Hammed Shittu in Ilorin
A university don at the Department of Veterinary Pharmacology and Toxicology, University of Ilorin, Prof. Suleiman Ambali, has stressed the need for an increase in the level of awareness and advocacy on the dangers associated with indiscriminate use and disposition of pesticides on farmlands and environment.
This, he said would go a long way to boost food production in the country.
Ambali, stated this in Ilorin, Kwara State, during the 192nd inaugural lecture of the university with the theme: “Preventing Pesticides from Poisoning Away Our Health and Future – The Oxidative Approach.”
Ambali, called on governmental and non-govenmental organisations to mobilise on the task.
He said members of the public should be enlightened on the danger of indoor use of pesticides, especially pregnant mothers and children who participate in farming activities.
He said, “measures aimed at encouraging safe usage of pesticides by farmers, pesticide applicators and other individuals whose occupations are related to pesticides should be put in place.
“Apart from this, policies aimed at reducing the use of pesticides in agriculture should be put in place. Farmers should be encouraged to use an integrated approach in controlling pests and where necessary develop alternative cropping systems less dependent on pesticides, revert to traditional hand hoeing, hand weeding, use of pest-resistant seeds and organic farming systems.
“There is a need to strengthen the regulatory framework and processes for the continuous re-evaluation of all registered pesticides in line with currently available information, especially on all aspects of safety to people and the environment.”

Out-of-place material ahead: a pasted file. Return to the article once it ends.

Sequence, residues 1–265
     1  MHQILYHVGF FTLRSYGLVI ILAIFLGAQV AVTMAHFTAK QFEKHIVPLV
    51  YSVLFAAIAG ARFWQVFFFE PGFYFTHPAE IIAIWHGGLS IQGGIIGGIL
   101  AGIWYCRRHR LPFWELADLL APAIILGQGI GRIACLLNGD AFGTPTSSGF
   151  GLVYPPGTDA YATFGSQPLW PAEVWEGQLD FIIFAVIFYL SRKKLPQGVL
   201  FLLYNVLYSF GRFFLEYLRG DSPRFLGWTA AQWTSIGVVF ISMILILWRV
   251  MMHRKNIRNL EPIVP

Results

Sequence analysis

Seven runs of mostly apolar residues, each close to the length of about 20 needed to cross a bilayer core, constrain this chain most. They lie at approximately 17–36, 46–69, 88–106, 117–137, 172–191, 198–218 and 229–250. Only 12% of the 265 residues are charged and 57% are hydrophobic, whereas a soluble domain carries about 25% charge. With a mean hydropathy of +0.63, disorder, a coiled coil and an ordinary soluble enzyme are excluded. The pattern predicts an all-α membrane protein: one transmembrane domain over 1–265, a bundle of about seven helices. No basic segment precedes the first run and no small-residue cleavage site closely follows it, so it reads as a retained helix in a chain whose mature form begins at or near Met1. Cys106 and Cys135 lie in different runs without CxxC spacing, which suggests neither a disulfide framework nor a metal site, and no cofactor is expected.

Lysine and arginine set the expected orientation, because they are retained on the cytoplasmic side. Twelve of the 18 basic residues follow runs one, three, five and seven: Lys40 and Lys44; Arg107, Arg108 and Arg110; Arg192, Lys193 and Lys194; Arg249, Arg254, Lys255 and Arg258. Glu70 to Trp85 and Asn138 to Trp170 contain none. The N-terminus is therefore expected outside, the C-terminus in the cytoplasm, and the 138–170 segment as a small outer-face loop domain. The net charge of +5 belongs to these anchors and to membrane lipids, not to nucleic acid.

While lamenting the high rate of many pesticides that are in markets, Ambali said many of them do not have sufficient testing other than the traditional acute and chronic toxicity studies.
He noted that, “Many of the tests related to specific end-points are absent from regulatory directives of the National Agency for Food Drug and Control (NAFDAC) and National Environmental Standards and Regulations Enforcement Agency (NESREA).
He also said pesticides that are poorly labeled or labeled with foreign languages should not be allowed to be imported into the country.
Ambali opined further that, “There should be provision for more storage facilities by the government at all levels in order to ensure that chemicals and methods used for storage of agricultural produce are in line with the global best practice.”
He, therefore, urged the government as a matter of urgency, to address economic inequalities that have made peasant farmers poorer so as to boost food and cash productions in the country.